Good communication isn't just about being able to say clearly what's on your mind. You have to be able to listen and respond well to what the other person is saying. Worry not. Being a good listener isn't as hard as it sounds.
Here are some tips to help you:
Try not to interrupt the other person mid-flow – even if you feel strongly about what they're saying. Let them finish, and then speak.
Concentrate on what the other person is saying to you. It's not about waiting for them to finish speaking so that you can get your points across. Think about what they're saying – it might change what you want to say next.
It doesn't take much – just a nod or an "uh-huh" will let them know you're still paying attention.
Maintaining regular eye contact while they're speaking says you're interested in what's being said. Just don't stare continuously (that's too much – especially if they're talking about difficult stuff).
Don't assume you've really understood what's been said. A good way to do this is to repeat what they've just said in your own words – "So, what you're saying is..." Be careful only to repeat what you think they've said and not jump to conclusions. If you're unsure, say so and ask them to explain it in a different way.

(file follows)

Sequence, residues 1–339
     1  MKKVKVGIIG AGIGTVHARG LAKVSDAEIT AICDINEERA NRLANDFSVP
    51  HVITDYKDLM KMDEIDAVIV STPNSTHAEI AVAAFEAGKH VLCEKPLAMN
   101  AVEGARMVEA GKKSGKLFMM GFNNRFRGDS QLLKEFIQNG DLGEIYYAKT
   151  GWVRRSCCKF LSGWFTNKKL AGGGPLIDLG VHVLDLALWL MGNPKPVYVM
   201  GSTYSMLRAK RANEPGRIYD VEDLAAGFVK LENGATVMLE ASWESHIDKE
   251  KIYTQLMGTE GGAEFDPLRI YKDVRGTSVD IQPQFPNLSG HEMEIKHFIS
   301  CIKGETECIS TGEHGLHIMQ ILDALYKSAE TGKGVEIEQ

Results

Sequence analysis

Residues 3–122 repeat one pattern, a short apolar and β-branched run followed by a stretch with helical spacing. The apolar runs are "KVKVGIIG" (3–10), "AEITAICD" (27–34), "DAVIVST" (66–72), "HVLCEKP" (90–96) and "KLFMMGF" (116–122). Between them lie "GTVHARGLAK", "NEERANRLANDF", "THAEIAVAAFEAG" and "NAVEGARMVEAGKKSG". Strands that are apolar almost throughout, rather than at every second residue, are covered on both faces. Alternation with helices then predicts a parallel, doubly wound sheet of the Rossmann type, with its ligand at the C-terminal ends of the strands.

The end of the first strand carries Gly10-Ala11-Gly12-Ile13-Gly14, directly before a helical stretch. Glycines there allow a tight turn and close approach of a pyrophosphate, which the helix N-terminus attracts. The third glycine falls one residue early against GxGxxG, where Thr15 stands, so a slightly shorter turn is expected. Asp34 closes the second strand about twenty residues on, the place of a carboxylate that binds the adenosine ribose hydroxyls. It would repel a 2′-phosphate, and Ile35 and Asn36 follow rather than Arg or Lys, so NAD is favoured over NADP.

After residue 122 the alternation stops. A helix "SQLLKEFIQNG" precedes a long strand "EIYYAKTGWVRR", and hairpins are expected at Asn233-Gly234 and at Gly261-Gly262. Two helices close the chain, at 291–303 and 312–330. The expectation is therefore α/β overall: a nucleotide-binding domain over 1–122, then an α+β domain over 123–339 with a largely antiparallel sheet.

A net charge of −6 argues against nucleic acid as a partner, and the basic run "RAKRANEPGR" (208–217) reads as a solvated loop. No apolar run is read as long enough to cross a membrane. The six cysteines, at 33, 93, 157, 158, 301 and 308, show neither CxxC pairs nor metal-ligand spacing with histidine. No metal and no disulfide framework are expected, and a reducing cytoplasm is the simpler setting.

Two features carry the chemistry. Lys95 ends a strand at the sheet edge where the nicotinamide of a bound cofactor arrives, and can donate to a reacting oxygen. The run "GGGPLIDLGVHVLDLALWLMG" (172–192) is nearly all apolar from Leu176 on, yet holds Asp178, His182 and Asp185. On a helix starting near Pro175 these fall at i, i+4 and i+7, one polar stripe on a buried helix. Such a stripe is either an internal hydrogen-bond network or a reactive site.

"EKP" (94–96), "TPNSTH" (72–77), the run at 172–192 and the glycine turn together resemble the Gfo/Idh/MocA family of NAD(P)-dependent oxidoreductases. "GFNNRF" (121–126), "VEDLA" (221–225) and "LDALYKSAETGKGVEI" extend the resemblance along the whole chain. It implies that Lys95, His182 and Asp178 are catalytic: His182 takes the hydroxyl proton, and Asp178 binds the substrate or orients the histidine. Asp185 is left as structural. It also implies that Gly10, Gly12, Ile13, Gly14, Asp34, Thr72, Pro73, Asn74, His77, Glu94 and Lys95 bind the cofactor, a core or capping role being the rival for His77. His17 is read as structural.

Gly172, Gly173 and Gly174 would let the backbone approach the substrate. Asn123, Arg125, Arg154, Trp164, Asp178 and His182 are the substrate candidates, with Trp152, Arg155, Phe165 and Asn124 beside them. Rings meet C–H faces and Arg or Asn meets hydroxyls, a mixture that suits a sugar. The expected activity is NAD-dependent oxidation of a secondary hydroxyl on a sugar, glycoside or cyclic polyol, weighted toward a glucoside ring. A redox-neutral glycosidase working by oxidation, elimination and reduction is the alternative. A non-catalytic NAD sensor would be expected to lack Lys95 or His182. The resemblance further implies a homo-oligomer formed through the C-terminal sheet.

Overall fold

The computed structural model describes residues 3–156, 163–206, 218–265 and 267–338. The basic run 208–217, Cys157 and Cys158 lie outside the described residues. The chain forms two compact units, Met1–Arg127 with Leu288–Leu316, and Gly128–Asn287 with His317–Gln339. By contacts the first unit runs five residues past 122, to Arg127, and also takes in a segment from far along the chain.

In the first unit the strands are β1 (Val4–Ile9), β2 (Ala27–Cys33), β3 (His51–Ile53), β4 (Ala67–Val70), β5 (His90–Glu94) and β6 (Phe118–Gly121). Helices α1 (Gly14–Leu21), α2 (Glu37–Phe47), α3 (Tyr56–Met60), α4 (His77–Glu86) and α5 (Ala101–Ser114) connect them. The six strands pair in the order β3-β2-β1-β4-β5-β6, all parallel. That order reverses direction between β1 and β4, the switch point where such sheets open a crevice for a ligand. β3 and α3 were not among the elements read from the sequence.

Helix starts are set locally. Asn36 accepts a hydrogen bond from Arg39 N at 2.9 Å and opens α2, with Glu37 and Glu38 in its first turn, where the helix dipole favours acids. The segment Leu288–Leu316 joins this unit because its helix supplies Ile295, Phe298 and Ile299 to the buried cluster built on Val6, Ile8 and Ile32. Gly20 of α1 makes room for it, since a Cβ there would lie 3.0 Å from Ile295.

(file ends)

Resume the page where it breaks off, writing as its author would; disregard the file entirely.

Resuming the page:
Keep the temperature down by not reacting straightaway to what's being said. Take a breath and try to imagine what the other person might be thinking and feeling before you respond. How would you feel in their position?
You shouldn't 'give in' about things that are really important to you (like using protection or starting a family), but be willing and ready to give a little. Sometimes, a compromise can't be reached, and you need to be prepared for that too.
Let the good things you have to say drive the conversation and try to steer clear of negatives. If you do need to say something isn't right, don't talk about whose fault it is, focus on describing what you feel the problem is.
Just remember that what you have to say might be a lot for the other person to take on-board so be prepared to have more than one conversation. Perhaps start with the thing that is most important to you, or which is easiest to fix?